Projects vs Products: Why Software Projects Don't Create Great Products

Colin Flynn

In software, projects and products are not the same. Projects have a defined end, whereas products are living things with a potentially endless lifespan.

Projects always have an end.

Projects have a defined budget, timeline, and scope. Projects are finite. Your job with a project is to achieve the maximum output within the constraints of time and money. Project managers are measured by how well they manage these resources.

Products have a lifespan.

Products have a lifespan and act as a living thing. The better nourishment it receives, and the better environment it lives in, the longer it will stay alive to add value. Products are either growing or they are dying. Product managers are measured by how well they can use their resources to increase the product's lifespan, reach, value, and effectiveness.

Projects and Products are complementary.

A software project can be to launch a digital product. A rebuild of an existing product could be a project. Great products are continuously iterated on and often maintained by great product managers. Product managers should take the long-term outlook on how to increase the lifespan and utility of the products they are responsible for.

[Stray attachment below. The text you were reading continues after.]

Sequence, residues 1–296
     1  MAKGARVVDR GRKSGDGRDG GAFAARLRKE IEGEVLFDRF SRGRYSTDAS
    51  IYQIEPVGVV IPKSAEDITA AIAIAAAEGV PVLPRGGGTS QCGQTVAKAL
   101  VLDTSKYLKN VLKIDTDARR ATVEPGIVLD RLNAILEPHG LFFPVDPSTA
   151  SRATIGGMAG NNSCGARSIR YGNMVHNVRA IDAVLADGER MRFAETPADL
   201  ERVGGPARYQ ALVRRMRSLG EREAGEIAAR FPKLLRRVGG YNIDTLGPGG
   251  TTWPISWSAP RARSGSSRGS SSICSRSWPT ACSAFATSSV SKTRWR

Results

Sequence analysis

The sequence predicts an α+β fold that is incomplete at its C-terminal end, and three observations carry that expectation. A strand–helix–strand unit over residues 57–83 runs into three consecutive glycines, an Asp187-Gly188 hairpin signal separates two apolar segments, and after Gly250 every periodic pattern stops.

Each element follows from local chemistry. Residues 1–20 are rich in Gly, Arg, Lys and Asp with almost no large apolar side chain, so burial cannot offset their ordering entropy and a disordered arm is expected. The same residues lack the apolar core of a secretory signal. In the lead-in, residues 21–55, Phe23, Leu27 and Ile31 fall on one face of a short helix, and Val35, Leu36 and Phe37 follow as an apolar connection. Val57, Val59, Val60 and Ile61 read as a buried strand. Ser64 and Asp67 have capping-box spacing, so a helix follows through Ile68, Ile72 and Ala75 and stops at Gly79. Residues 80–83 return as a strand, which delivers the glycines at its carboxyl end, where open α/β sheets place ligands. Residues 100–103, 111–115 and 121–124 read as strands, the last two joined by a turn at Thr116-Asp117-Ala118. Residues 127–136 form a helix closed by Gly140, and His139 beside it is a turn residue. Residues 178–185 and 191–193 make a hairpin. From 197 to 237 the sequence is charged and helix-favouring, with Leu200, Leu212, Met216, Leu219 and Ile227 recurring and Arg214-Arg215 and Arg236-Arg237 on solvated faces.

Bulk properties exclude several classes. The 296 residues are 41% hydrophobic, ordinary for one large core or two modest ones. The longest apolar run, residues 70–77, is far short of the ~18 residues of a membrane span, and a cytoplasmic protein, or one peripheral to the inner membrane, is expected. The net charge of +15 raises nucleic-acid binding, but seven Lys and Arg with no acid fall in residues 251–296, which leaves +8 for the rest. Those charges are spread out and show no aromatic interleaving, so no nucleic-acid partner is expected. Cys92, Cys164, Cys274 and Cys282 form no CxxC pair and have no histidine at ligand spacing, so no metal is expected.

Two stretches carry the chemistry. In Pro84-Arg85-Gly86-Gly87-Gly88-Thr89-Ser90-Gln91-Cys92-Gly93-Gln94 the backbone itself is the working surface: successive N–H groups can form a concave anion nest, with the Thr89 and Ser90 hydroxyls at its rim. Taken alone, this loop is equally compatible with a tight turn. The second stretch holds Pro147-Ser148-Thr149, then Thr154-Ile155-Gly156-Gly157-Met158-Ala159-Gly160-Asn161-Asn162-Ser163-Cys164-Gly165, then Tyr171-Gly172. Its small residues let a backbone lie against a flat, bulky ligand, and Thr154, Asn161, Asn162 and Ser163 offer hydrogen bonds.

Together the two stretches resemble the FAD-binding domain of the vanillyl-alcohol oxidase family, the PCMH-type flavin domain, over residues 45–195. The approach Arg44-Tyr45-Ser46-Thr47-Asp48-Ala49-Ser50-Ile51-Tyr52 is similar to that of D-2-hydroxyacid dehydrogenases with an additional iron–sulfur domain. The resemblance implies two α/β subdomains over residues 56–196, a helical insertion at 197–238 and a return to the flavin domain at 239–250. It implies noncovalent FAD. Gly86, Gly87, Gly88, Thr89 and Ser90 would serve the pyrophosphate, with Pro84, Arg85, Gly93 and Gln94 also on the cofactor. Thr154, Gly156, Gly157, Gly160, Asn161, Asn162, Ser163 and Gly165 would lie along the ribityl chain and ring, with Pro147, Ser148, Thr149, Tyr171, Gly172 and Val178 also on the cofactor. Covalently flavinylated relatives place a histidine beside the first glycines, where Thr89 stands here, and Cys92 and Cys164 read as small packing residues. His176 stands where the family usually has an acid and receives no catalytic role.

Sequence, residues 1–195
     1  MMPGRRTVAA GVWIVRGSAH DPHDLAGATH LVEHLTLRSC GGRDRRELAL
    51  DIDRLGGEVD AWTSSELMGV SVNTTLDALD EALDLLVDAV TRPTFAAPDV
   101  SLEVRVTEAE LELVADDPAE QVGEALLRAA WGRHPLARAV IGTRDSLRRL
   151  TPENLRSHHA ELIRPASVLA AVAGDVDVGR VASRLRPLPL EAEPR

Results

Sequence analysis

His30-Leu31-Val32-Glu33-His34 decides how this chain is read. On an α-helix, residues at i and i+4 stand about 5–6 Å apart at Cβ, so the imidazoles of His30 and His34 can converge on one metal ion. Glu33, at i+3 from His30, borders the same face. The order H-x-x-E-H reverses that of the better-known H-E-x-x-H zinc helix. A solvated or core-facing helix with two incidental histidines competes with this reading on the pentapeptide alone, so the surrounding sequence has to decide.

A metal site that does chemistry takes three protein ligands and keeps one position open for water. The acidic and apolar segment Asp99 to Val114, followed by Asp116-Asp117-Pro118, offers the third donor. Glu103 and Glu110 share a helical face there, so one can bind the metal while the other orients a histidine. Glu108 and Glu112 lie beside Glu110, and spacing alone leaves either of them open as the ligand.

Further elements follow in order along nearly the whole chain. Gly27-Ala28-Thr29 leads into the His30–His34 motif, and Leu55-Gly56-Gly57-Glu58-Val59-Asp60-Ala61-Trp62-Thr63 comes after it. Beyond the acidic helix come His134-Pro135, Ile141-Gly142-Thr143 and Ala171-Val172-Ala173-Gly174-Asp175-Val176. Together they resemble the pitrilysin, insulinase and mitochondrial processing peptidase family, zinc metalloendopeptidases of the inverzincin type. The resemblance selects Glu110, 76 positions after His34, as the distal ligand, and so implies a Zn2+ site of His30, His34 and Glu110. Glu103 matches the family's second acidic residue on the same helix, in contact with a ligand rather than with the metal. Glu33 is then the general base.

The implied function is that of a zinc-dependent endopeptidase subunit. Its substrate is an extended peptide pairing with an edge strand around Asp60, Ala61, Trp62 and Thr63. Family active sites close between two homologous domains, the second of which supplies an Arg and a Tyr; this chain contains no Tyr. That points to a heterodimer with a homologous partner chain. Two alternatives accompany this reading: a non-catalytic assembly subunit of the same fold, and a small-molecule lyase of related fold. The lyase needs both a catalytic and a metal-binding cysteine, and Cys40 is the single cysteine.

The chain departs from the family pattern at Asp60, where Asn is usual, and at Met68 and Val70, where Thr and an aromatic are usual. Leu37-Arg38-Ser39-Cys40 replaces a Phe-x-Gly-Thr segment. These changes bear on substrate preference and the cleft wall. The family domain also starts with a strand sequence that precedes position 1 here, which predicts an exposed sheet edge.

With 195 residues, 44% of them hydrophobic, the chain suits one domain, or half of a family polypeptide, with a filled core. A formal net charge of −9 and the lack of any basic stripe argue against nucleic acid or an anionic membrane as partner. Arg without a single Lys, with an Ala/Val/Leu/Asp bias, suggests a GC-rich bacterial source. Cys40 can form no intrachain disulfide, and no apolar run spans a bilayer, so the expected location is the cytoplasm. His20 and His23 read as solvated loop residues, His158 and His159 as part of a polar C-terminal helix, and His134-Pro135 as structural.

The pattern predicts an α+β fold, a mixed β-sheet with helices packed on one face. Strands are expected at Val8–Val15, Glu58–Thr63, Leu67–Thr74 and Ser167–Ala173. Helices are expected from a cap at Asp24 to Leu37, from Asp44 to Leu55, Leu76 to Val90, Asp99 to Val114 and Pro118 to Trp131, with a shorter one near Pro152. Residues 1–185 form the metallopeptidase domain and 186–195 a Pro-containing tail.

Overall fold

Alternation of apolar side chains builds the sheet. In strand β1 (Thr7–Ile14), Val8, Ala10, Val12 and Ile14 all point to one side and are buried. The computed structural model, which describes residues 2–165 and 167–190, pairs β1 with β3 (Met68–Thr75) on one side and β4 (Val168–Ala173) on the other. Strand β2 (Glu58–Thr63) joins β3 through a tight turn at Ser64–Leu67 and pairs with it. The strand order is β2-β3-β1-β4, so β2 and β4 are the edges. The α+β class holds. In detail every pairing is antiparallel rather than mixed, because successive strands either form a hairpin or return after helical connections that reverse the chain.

Are you working on a product or a project?

Most companies are used to paying for projects and like the finite nature of the investment. Companies are used to constructing buildings where once it is complete, they don't have to keep spending until it starts to wear out. Digital products don't typically start providing a return on investment until they have been iterated on to maximize the value they can return.

Hopefully recognizing the differences between products and projects can help you understand software just a little bit better.